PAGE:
An insight into Air conditioning
Air conditioning systems are one of the staples of modern buildings. Be they residential, commercial or meant for professional or academic activity, nearly every large-scale building built over the past three or four decades is equipped with some form of apparatus meant to freshen or warm up its different rooms or areas, so those dwelling within can be as comfortable as possible temperature-wise.
Yet, for how popular and widespread they have become, there is still much the average citizen does not know about this type of setup. Most non-specialists are likely not aware of how air conditioning systems work, and even laymen with an interest in this area will probably not know much beyond the basics of how this sort of apparatus functions.
With that in mind, we here at Thermotech have decided to share our knowledge with our customers, and put together a brief descriptive guide detailing how air conditioning systems work. As HVAC and air conditioning specialists, we believe in knowing what you are buying into, and thus feel it is important to share what we know, so that our customers can make an informed decision when buying one of our air conditioning units. It is in that spirit that the lines below give a rough overview of how air conditioning systems work, and how all the different parts that make up one of these setups come together to achieve the final result.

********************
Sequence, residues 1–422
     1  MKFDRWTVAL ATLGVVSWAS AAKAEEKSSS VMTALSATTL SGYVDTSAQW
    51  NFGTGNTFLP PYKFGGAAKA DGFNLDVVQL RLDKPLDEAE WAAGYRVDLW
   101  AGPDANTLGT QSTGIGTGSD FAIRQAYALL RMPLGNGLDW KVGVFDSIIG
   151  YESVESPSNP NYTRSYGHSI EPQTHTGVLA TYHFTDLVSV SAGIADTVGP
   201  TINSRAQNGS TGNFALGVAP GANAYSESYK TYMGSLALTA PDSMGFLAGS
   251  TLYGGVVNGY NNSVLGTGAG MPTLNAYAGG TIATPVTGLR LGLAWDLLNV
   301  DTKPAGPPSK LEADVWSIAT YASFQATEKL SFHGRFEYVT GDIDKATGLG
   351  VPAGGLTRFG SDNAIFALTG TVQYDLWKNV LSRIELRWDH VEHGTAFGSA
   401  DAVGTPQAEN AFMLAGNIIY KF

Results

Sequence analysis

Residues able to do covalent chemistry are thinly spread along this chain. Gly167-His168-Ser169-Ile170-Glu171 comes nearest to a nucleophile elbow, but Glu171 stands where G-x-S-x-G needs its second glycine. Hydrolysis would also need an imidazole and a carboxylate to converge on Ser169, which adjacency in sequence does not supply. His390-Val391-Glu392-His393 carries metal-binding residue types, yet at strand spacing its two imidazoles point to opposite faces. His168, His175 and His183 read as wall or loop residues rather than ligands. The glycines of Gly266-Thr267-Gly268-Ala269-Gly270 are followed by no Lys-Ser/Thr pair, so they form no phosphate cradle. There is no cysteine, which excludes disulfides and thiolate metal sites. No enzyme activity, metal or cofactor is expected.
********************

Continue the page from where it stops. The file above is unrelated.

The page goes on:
The standard air conditioning system functions in a similar way to a refrigerator, but spanning a considerably larger area. While refrigeration chambers are usually self-contained – meaning the refrigeration mechanism only affects the area inside the fridge itself – air conditioning systems are designed to have influence over a much wider space, usually a room or set of rooms. As such, their potency is considerably larger than that of a refrigerator cooling unit, and they tend to be built to a somewhat larger scale.
The fundamental operating principle, however, is similar for the two types of systems, and based around a chemical which is converted from gaseous to liquid form, and back again. In the case of air conditioning units, this process aims to drive out the hot air inside a room or division, forcing it outdoors and thereby cooling down the room temperature inside the building.
The chemical used for this purpose, as well as the form it is stored in, varies depending on the type and complexity of the air conditioning system, but the basic principle remains the same regardless of what type of apparatus is installed in any given building.
Similarly, most air conditioning systems, regardless of type or configuration, are based around three basic components: the compressor, the condenser and the evaporator. The former two are usually located in the outside portion of the air conditioning unit, while the evaporator is typically located indoors, and directly responsible for the hot or cold air felt inside the building’s rooms or divisions.